Trade, foreign policy, diplomacy and health

6. Public Health Infrastructure and Knowledge

John Powles, Flavio Comim


Conclusion

  • Global public health largely ‘vertical’ - disease oriented
  • Public health infrastructures ‘horizontal’ - used across a number of diseases
  • GPGH useful in clarifying why rich should support public health infrastructures for poor
  • Future work should focus on international mechanisms for finance and support of public health infrastructure

Global public health to date has largely been ‘vertical’ - dedicated to specified objectives in relation to specific diseases. Eg smallpox, malaria, HIV/AIDS. Public health infrasturutres are more ‘horizontal’, of use across a number of objectives/diseases. Current concentration on vertical programmes is unwise. It cannot compensate for neglect of public investment in local ‘horizontal’ public health infrastructures. Care should therefore be taken to ensure that resources for vertical programmes are not at the expense of the development of 'horizontal' programmes, which are most likely to achieve further health gains.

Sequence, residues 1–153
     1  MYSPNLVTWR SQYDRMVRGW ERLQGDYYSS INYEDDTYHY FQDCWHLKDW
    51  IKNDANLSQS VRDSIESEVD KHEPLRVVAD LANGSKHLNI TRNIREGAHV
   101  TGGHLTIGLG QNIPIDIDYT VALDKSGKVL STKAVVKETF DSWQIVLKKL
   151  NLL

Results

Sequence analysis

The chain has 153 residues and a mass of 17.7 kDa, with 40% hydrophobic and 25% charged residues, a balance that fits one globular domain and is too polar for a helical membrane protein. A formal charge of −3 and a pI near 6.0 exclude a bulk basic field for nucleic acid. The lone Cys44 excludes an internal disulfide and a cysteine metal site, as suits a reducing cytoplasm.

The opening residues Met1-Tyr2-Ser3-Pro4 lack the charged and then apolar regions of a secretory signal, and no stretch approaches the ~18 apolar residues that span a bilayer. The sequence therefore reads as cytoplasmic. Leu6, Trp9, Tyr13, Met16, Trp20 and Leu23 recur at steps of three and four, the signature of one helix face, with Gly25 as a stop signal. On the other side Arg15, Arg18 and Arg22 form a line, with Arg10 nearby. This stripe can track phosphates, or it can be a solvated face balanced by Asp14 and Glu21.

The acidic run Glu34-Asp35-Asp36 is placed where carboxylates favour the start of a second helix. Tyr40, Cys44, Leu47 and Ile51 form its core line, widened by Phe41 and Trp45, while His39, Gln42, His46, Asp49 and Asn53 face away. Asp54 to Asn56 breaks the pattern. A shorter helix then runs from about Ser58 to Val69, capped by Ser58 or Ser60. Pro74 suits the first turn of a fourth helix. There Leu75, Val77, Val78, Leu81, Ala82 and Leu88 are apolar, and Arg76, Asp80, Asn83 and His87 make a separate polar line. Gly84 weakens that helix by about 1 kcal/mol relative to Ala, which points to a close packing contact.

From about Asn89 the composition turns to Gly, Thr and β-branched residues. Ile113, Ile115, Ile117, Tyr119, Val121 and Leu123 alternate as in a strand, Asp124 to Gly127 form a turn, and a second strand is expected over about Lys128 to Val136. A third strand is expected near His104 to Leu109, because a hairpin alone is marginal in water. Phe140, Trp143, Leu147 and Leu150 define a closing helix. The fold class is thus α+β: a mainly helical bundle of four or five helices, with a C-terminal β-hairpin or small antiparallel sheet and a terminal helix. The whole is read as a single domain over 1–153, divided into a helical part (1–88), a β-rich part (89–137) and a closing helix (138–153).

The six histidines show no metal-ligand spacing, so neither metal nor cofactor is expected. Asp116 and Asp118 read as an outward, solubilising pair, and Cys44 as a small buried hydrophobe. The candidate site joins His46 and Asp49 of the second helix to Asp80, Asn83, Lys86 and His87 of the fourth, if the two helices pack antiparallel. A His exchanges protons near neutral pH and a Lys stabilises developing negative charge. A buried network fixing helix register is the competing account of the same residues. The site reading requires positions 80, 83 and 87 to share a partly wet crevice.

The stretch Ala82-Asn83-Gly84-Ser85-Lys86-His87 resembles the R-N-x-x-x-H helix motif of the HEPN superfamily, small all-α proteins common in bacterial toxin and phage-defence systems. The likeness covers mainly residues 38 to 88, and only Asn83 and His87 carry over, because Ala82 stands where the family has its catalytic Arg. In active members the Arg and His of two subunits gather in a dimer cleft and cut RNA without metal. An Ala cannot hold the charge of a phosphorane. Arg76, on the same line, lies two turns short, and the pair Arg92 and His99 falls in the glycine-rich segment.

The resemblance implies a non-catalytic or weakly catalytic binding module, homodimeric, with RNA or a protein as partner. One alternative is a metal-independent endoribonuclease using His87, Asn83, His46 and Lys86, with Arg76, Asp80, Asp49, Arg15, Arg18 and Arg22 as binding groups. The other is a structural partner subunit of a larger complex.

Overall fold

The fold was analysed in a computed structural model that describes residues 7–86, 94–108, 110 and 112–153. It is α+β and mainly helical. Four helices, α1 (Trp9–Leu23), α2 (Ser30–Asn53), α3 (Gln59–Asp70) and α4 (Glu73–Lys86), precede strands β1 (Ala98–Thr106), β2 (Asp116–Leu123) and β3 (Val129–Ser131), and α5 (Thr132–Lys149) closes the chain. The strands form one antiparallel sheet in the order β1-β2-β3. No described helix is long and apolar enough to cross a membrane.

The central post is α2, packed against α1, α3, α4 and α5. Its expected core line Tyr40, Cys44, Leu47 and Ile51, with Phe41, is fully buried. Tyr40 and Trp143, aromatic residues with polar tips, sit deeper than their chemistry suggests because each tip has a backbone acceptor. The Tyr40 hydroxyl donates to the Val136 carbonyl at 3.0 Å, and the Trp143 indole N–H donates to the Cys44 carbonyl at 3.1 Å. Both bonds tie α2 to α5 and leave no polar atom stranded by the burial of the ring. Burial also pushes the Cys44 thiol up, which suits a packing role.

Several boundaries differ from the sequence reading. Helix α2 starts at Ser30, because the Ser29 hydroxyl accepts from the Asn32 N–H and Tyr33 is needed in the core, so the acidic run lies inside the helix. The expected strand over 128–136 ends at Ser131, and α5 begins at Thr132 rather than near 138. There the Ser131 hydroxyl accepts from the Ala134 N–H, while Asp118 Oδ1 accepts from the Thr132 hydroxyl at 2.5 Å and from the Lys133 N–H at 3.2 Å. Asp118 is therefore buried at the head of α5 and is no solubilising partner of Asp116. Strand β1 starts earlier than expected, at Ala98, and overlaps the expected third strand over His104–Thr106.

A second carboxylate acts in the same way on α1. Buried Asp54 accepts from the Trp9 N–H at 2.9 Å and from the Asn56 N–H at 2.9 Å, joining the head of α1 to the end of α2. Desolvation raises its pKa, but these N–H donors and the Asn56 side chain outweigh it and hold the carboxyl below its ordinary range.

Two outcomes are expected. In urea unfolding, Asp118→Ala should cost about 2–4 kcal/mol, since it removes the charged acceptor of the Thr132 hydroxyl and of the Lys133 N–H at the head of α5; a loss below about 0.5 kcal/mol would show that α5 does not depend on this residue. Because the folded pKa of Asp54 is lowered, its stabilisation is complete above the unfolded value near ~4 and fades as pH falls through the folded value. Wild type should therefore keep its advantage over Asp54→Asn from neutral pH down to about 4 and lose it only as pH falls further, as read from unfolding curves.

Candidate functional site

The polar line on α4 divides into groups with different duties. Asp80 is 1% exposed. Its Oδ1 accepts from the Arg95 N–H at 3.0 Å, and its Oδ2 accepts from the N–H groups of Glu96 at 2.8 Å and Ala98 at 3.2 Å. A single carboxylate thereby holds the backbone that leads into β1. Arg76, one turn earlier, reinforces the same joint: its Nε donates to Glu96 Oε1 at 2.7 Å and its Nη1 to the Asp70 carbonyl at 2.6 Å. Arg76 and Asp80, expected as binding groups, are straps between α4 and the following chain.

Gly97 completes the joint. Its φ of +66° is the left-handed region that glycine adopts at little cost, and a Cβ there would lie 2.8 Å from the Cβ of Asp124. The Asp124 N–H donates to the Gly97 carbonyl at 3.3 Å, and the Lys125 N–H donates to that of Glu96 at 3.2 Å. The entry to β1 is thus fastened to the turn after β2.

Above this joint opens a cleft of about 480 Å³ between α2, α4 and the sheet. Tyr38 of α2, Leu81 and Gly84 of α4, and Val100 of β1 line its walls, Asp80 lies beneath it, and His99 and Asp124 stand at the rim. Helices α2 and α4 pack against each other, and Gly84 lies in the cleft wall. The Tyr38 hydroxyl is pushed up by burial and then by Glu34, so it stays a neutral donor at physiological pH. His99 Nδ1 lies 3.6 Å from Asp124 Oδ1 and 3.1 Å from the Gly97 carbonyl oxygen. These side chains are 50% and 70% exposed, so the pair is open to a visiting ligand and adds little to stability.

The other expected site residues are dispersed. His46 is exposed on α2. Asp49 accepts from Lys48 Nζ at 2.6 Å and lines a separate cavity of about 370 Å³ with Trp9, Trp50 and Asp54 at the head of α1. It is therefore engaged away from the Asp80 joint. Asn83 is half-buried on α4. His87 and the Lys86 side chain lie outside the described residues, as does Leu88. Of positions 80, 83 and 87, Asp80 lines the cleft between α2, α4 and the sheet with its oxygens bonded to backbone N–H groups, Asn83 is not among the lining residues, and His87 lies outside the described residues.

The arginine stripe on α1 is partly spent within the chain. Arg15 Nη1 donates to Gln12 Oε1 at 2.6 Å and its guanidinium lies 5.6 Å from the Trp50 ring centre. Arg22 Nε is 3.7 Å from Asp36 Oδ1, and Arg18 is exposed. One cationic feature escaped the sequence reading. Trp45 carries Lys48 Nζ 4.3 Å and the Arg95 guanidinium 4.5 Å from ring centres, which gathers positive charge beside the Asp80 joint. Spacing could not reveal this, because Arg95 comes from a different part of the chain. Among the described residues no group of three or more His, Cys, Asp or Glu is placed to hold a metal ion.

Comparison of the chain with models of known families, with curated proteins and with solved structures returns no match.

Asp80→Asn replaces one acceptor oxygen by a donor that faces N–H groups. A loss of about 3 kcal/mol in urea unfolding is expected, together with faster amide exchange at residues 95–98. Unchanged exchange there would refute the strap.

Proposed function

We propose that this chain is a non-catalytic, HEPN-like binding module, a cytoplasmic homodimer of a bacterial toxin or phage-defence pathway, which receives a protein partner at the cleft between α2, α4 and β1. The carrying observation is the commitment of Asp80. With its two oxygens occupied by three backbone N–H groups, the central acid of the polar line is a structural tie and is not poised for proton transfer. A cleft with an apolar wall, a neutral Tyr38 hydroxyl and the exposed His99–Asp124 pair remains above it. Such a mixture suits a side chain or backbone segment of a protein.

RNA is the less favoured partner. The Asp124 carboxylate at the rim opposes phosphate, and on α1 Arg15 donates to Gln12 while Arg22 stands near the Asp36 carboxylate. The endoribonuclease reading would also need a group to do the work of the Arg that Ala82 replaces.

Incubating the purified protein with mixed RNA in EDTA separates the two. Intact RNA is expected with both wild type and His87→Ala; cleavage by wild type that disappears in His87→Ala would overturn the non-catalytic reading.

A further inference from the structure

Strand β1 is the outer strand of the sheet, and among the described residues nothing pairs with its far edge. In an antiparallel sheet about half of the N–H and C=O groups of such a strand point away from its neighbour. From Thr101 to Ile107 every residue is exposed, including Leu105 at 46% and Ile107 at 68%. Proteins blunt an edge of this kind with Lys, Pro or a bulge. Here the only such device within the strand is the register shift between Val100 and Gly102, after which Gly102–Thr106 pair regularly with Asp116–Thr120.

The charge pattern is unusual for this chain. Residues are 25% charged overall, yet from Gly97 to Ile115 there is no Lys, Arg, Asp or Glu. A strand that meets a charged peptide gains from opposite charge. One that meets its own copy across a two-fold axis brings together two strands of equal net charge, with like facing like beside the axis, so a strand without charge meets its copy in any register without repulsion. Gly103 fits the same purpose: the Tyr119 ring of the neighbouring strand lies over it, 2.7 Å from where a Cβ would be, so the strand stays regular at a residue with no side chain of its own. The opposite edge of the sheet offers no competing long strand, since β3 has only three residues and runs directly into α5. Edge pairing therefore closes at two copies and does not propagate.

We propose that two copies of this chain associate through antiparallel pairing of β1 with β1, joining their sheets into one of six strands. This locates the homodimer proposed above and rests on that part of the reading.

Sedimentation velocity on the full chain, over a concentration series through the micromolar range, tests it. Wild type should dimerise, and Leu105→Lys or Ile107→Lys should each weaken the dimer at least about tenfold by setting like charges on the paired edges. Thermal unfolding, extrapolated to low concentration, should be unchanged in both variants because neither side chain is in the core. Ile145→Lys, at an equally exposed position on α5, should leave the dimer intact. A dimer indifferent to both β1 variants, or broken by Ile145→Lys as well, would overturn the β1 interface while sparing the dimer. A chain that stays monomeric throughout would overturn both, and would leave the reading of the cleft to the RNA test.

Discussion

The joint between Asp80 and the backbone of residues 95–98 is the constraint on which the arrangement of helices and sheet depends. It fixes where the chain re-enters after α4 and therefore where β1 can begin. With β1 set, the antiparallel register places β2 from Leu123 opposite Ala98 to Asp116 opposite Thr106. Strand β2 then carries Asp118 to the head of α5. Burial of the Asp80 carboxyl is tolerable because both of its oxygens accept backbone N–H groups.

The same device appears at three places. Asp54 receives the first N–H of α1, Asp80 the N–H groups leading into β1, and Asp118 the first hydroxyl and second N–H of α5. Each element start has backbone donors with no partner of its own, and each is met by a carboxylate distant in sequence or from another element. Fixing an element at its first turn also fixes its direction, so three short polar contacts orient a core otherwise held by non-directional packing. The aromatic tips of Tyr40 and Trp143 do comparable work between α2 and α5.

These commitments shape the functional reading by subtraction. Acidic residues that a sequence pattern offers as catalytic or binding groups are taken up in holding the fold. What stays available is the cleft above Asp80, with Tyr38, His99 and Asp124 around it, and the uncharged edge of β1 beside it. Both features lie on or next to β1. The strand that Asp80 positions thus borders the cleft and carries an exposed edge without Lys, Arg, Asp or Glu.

The GPGH lens may have heuristic value in helping to clarify why it is in the interest of rich countries to strengthen public health infrastructures globally. However, there is the danger (even though not instrinsic to the concept) that the analytic device of regarding public health infrastructures as 'goods' - or as the means of access to such goods - can encourage the false idea that decisions can readily be made to 'produce' more of them or not, depending mainly on the availability of vertically commandable resources. In contrast, the connections of such infrastructure to an array of social institutions must first be understood.

Future work on the importance and impact of public health infra-structures in the provision of GPGH should therefore focus on international transmission mechanisms that may allow the financing and support of these goods. Emphasis should be given to the international coordination problems that would need to be overcome in order to produce coherent, efficient and equitable patterns of provision and distribution of infra-strcutures. A more comprehensive assessment of the impacts of health improvements in poor countries would also deserve further scrutiny.

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